Calculate neoantigen summary statistics for priority, classic, alternative, frameshift-derived, and fusion-derived neoantigens for each sample.

garnish_summary(dt)

Arguments

dt

Data table. Prediction output from garnish_affinity.

Value

Summary table description:

A summary data table of dt by sample_id with the following columns:

  • classic_neos: classically defined neoantigens (CDNs); defined as mutant nmers predicted to bind MHC with high affinity (< 50nM \(IC_{50}\))

  • classic_top_score: sum of the top three mutant nmer affinity scores (see below)

  • alt_neos: alternatively defined neoantigens (ADNs); defined as mutant nmers predicted to bind MHC with greatly improved affinity relative to non-mutated counterparts (10x for MHC class I and 4x for MHC class II) (see below)

  • alt_top_score: sum of the top three mutant nmer differential agretopicity indices; differential agretopicity index (DAI) is the ratio of MHC binding affinity between mutant and wt peptide (see below). If the peptide is fusion- or frameshift-derived, the binding affinity of the closest wt peptide determined by BLAST is used to calculate DAI.

  • fs_neos: mutant nmers derived from frameshift variants predicted to bind MHC with < 500nM \(IC_{50}\)

  • fusion_neos: mutant nmers derived from fusion variants predicted to bind MHC with < 500nM \(IC_{50}\)

  • IEDB_high: defined as mutant nmers predicted to bind MHC with affinity (< 500nM \(IC_{50}\)) and IEDB alignment score > 0.9.

  • high_dissimilarity: defined as mutant nmers predicted to bind MHC with affinity (< 500nM \(IC_{50}\)) and dissimilarity > 0.75.

  • nmers: total mutant nmers created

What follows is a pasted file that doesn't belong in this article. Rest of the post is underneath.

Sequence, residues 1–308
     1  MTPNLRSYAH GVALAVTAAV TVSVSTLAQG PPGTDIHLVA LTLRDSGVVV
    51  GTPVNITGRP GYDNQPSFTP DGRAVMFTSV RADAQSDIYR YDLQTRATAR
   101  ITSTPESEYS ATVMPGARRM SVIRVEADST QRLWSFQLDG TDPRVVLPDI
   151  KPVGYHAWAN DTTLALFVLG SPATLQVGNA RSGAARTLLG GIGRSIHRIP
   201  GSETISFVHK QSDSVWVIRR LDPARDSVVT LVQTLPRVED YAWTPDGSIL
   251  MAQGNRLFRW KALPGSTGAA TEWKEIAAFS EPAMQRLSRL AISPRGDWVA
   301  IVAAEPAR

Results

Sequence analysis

• predictions: wt and mutant predictions performed

  • mhc_binders: nmers predicted to at least minimally bind MHC (< 500nM \(IC_{50}\))

  • variants: total genomic variants evaluated

  • transcripts: total transcripts evaluated

Additional information

Differential agretopicity index (DAI) expresses the degree to which peptide binding to MHC class I or II differ due to the presence of a non-synonymous mutation. Alternatively defined neoantigens (ADNs) are mutant peptides predicted to bind MHC class I or II with greatly improved affinity relative to non-mutated counterparts (i.e. peptides with high DAI). In mice, selection of peptides with high DAI results in a substantially improved rate of experimentally validated epitopes that mediate protection from tumor growth.

To determine DAI, mutant peptides that at least minimally bind MHC class I or II (> 500nM \(IC_{50}\)) are selected and then DAI is calculated as the fold-change in binding affinity between non-mutant and mutant peptides. ADNs are identified as mutant peptides with DAI > 10 for MHC class I and > 4 for class II.

ADNs are generated from selective mutations in the peptide-MHC anchor position (i.e. the agretope) rather than mutations randomly occurring across the peptide sequence. This feature leads to two potentially important and unique immunological characteristics of ADNs. First, unlike CDNs, the TCR-facing peptide sequence in ADNs is likely the same as the corresponding non-mutant peptide. Second, the MHC binding of the corresponding non-mutant peptide may be so low that its presentation in the thymus is minimal and central tolerance may be bypassed. Functionally, there is evidence of strong immunogenicity of ADNs. Peptides, which in retrospect satisfy ADN selection criteria, are common among human tumor antigens that have been experimentally confirmed to be immunogenic. A recent extensive analysis of tumor immunity in a patient with ovarian carcinoma showed that the top five reactive mutant peptides had substantially higher mutant to non-mutant predicted MHC class I binding affinity. Moreover, a re-analysis of validated neoantigens from non-small cell lung carcinoma or melanoma patients showed that one third of these were ADNs (resulting from an anchor position substitution that improved MHC affinity > 10-fold).